Staff Publications

Staff Publications

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    'Staff publications' is the digital repository of Wageningen University & Research

    'Staff publications' contains references to publications authored by Wageningen University staff from 1976 onward.

    Publications authored by the staff of the Research Institutes are available from 1995 onwards.

    Full text documents are added when available. The database is updated daily and currently holds about 240,000 items, of which 72,000 in open access.

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Record number 371076
Title Swift recovery of Sphagnum nutrient concentrations after excess supply
Author(s) Limpens, J.; Heijmans, M.M.P.D.
Source Oecologia 157 (2008)1. - ISSN 0029-8549 - p. 153 - 161.
Department(s) Nature Conservation and Plant Ecology
Publication type Refereed Article in a scientific journal
Publication year 2008
Keyword(s) atmospheric nitrogen deposition - vascular plants - phosphorus availability - boreal forest - vegetation - growth - bog - fertilization - resorption - mosses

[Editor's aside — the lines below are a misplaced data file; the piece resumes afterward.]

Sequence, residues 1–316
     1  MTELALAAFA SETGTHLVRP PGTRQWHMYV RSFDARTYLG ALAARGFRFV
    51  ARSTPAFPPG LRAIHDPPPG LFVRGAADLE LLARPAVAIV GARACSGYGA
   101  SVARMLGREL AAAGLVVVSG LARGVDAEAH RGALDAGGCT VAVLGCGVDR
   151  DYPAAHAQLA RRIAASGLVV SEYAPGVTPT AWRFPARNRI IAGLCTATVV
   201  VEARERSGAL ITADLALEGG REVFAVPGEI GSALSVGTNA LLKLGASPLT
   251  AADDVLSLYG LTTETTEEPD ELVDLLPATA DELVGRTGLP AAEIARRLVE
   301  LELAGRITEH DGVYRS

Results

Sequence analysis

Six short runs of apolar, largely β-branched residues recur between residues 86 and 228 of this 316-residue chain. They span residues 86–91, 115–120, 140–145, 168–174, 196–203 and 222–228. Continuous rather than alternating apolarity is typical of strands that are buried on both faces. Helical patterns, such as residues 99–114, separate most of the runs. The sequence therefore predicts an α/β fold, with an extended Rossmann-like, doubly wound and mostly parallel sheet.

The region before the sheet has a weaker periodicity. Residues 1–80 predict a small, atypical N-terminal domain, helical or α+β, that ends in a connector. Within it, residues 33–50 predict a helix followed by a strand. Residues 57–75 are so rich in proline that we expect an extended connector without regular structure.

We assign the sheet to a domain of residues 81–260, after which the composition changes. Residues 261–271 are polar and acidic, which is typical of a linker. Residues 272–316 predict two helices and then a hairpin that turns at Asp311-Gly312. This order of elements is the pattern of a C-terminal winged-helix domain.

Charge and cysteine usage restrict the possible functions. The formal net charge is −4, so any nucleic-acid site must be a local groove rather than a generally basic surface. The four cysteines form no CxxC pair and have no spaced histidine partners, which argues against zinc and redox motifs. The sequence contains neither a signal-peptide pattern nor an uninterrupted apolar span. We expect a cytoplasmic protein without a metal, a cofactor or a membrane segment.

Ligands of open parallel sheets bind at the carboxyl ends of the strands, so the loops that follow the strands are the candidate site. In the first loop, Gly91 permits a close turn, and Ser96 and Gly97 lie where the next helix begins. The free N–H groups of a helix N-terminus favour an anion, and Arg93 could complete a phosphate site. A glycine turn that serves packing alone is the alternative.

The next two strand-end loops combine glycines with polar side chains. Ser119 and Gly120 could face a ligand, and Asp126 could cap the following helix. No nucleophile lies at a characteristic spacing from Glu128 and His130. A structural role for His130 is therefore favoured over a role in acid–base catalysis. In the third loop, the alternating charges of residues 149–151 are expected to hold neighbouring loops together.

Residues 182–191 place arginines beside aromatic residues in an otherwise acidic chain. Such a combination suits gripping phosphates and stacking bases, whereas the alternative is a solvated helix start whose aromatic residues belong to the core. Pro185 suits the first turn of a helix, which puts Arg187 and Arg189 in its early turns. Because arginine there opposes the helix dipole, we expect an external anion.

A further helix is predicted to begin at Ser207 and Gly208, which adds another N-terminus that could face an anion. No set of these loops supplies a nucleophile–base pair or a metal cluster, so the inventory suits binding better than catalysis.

Abstract Although numerous studies have addressed the effects of increased N deposition on nutrient-poor environments such as raised bogs, few studies have dealt with to what extent, and on what time-scale, reductions in atmospheric N supply would lead to recovery of the ecosystems in question. Since a considerable part of the negative effects of elevated N deposition on raised bogs can be related to an imbalance in tissue nutrient concentrations of the dominant peat-former Sphagnum, changes in Sphagnum nutrient concentration after excess N supply may be used as an early indicator of ecosystem response. This study focuses on the N and P concentrations of Sphagnum magellanicum and Sphagnum fallax before, during and after a factorial fertilization experiment with N and P in two small peatlands subject to a background bulk deposition of 2 g N m(-2) year(-1). Three years of adding N (4.0 g N m(-2) year(-1)) increased the N concentration, and adding P (0.3 g P m(-2) year(-1)) increased the P concentration in Sphagnum relative to the control treatment at both sites. Fifteen months after the nutrient additions had ceased, N concentrations were similar to the control whereas P concentrations, although strongly reduced, were still slightly elevated. The changes in the N and P concentrations were accompanied by changes in the distribution of nutrients over the capitulum and the stem and were congruent with changes in translocation. Adding N reduced the stem P concentration, whereas adding P reduced the stem N concentration in favor of the capitulum. Sphagnum nutrient concentrations quickly respond to reductions in excess nutrient supply, indicating that a management policy aimed at reducing atmospheric nutrient input to bogs can yield results within a few years.
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